Henry Ford once said, “If I had asked people what they wanted, they would have said a faster horse.” This is the genius of great leadership. Great leaders and organizations are good at seeing what most of us can’t see. They are good at giving us things we should never think of asking for. In summary, Sinek writes, “Great leaders are those who trust their guts. They are those who understand the art before science, they win hearts before minds. They are the ones who start with WHY.” Products with a clear sense of WHY give people a way to tell the outside world who they are and what they believe (think of Apple Inc. and their loyal customers). If a company does not have a clear sense of WHY then it is impossible for the outside world to perceive anything more than WHAT the company does. And when that happens, manipulations that rely on price, features, service or quality became the primary currency of differentiation.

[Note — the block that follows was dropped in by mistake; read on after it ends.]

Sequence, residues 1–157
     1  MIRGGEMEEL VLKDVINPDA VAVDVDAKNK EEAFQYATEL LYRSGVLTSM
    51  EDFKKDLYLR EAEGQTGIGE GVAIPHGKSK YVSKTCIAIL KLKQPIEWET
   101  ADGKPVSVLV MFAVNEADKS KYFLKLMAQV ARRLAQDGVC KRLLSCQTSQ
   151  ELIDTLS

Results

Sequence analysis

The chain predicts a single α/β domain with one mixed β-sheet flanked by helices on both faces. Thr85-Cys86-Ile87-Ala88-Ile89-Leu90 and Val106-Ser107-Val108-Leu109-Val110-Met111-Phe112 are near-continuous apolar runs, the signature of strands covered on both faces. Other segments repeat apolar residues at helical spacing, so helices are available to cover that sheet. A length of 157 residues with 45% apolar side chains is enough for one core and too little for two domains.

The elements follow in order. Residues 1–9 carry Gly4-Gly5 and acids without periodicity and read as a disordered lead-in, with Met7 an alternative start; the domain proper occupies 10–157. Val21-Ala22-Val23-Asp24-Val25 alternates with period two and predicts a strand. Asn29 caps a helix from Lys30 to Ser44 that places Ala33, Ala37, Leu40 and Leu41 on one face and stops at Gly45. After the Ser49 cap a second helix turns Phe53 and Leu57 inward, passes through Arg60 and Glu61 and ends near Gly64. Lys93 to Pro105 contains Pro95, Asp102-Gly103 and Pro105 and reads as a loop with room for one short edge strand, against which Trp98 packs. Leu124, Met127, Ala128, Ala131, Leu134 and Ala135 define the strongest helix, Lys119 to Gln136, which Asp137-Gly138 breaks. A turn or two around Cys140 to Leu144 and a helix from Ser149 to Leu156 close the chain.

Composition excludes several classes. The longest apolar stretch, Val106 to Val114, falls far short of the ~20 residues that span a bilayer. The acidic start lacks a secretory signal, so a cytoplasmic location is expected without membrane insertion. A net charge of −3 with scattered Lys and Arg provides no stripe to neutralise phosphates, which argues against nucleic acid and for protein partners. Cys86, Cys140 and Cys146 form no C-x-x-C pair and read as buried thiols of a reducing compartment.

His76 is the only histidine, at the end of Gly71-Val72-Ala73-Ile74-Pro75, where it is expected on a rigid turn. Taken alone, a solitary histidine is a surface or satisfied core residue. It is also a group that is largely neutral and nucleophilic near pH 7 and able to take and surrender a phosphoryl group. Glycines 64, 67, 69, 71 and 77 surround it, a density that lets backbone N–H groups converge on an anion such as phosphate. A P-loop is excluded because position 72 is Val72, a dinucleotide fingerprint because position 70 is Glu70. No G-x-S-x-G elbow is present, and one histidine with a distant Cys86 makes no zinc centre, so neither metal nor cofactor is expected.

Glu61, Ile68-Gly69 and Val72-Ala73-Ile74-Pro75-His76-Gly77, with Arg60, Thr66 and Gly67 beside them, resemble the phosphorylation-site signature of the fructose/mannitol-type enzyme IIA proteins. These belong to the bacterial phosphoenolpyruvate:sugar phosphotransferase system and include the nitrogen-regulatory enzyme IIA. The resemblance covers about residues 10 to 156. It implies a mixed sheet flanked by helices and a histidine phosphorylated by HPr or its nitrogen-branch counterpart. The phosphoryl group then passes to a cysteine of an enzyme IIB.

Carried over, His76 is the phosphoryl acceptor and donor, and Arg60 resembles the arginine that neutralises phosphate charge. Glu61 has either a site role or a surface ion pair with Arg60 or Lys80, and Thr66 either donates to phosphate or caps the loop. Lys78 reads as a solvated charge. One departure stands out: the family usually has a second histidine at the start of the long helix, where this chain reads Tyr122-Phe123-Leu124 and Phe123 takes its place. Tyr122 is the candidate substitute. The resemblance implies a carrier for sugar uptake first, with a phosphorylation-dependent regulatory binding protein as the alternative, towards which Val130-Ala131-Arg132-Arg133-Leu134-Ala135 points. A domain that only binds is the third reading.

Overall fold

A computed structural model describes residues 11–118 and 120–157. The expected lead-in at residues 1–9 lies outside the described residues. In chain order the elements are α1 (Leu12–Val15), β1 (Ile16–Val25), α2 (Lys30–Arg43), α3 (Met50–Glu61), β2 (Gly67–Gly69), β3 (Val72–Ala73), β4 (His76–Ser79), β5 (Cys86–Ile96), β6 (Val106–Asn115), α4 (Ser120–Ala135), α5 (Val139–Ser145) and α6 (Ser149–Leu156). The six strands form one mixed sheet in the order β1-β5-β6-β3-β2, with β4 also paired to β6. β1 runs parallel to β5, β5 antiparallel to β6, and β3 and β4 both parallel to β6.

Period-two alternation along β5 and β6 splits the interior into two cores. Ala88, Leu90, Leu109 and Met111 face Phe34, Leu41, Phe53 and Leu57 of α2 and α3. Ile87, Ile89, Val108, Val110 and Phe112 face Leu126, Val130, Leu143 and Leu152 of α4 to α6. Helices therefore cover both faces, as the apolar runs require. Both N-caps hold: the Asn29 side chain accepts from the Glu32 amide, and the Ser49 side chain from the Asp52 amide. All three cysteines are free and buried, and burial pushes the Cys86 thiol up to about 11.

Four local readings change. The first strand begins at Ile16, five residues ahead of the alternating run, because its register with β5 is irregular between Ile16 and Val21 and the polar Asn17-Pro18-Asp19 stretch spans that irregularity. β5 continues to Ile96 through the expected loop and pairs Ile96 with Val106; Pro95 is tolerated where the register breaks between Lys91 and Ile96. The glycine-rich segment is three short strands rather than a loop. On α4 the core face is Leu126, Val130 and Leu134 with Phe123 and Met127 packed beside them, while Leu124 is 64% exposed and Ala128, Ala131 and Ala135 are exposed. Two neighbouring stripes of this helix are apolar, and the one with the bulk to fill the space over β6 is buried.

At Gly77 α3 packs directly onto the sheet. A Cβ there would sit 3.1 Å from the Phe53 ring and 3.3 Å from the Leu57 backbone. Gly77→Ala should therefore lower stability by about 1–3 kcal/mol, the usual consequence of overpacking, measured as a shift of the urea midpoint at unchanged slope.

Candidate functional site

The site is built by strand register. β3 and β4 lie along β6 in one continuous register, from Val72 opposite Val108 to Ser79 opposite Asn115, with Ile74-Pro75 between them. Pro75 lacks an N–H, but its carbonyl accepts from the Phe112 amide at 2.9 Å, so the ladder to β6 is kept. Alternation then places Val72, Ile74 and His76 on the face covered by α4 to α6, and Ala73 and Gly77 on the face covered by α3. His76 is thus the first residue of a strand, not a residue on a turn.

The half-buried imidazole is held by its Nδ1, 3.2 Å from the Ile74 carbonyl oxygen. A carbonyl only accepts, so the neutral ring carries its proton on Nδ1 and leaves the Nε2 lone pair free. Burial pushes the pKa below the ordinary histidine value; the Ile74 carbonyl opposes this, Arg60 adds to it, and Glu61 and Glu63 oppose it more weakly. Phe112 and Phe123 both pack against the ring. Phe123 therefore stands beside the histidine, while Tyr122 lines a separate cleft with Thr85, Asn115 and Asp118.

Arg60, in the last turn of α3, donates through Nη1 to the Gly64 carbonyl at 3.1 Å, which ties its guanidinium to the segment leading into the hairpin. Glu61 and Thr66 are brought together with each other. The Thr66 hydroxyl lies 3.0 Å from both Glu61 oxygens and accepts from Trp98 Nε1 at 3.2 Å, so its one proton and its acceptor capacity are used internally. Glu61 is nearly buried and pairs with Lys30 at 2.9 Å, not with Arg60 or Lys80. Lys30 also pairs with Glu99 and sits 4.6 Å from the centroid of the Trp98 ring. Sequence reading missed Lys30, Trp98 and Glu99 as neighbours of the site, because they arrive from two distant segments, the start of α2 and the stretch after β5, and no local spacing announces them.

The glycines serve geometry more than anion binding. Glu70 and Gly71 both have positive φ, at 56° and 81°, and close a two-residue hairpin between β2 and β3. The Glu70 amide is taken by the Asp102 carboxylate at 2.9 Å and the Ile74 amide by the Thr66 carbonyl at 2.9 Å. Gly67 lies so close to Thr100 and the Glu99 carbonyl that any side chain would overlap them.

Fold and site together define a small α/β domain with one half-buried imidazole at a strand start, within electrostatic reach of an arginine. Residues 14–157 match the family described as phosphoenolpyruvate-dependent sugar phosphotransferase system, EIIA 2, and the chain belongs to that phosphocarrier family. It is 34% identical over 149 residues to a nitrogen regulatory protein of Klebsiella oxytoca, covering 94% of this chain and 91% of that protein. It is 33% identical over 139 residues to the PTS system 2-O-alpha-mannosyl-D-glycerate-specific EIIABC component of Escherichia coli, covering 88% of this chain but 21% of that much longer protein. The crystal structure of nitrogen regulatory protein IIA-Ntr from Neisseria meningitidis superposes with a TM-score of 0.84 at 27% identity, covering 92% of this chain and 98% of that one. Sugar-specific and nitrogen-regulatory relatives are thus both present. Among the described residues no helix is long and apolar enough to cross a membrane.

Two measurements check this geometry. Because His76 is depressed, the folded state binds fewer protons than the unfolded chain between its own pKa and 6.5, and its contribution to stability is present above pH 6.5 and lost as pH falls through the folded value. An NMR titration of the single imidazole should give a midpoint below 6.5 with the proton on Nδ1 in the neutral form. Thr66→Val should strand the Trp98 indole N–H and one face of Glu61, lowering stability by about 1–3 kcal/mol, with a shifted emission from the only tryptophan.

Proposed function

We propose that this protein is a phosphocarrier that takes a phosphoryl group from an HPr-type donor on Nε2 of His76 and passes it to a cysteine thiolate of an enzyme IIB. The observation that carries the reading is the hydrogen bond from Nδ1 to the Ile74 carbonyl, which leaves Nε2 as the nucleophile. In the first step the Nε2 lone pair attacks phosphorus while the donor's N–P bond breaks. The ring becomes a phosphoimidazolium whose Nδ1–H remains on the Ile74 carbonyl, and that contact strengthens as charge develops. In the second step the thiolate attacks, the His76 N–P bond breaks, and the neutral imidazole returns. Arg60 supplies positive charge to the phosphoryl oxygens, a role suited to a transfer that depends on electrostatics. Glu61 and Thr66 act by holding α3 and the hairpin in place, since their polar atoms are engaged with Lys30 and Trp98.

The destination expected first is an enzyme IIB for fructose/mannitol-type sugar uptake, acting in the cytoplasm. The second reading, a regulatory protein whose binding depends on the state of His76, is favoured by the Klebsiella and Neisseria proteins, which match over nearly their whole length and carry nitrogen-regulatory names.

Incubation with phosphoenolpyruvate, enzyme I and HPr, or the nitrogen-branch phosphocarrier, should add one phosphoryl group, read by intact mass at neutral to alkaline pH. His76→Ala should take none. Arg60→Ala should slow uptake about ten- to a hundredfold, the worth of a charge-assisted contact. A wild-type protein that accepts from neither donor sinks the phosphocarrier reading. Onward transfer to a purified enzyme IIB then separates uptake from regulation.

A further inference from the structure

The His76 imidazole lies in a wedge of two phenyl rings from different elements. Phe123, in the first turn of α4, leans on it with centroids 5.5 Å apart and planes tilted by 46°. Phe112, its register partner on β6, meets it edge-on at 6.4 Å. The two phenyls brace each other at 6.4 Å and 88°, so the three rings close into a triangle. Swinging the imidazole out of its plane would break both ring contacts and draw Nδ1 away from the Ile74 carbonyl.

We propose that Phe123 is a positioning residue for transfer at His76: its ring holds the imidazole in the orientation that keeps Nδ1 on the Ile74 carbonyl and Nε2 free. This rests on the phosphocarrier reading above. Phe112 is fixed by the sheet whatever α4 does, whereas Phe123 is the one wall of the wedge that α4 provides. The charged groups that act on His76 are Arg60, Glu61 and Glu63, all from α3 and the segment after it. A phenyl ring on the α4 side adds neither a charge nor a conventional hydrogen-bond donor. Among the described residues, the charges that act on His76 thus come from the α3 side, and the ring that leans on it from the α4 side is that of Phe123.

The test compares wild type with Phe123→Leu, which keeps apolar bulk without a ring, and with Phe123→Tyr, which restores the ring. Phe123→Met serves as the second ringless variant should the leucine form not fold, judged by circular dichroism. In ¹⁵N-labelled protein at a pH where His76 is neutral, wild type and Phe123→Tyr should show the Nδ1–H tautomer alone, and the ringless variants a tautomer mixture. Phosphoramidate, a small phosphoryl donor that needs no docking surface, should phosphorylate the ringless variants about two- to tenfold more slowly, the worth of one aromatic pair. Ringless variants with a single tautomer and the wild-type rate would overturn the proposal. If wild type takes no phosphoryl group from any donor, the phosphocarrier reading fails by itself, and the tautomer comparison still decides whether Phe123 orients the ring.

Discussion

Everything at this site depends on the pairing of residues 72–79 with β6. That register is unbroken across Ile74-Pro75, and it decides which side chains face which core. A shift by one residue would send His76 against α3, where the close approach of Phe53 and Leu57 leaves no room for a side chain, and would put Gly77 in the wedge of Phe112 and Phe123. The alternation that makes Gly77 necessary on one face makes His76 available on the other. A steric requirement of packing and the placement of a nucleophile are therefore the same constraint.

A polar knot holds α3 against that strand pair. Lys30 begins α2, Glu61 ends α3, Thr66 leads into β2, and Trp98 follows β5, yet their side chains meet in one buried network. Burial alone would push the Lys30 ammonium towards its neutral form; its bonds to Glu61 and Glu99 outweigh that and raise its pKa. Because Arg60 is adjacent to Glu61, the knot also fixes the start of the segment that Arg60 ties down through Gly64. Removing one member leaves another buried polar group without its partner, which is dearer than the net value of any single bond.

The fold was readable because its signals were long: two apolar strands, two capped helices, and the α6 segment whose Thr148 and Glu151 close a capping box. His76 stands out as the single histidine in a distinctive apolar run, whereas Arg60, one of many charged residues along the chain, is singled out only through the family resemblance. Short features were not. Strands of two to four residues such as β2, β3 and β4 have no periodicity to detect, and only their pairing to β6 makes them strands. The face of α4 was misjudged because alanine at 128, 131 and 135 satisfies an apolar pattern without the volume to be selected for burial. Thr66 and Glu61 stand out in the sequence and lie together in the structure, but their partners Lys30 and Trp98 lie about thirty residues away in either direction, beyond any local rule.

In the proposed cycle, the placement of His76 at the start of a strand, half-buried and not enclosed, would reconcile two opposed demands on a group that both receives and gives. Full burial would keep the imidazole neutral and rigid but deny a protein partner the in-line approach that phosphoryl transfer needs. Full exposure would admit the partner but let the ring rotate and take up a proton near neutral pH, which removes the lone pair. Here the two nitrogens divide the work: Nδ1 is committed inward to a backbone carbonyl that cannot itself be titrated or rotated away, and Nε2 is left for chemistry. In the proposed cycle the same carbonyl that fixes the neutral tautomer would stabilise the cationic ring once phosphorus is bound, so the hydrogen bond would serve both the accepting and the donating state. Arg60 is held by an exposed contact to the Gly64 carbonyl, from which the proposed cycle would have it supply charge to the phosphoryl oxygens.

The Power of WHY is Not Opinion, It’s Biology

Saturday, February 17, 2018

Start With Why: The Golden Circle (Chapter 3 Summary)

This book summary series is taken from Simon Sinek’s Start With Why: How Great Leaders Inspire Everyone to Take Action (2011). Your curiosity and knowledge is infinite, but your time is not. Read this summary – and you’ll be inspired!

The Golden Circle finds order and predictability in human behaviour. Put simply, it helps us understand why we do what we do.

WHAT: What do you do? [“Every organization on the planet knows WHAT they do. These are products they sell or services they offer.”]

HOW: How do you do what you do? [“Some organization know HOW they do It. these are the things that make them special or set them apart from their competitors.”]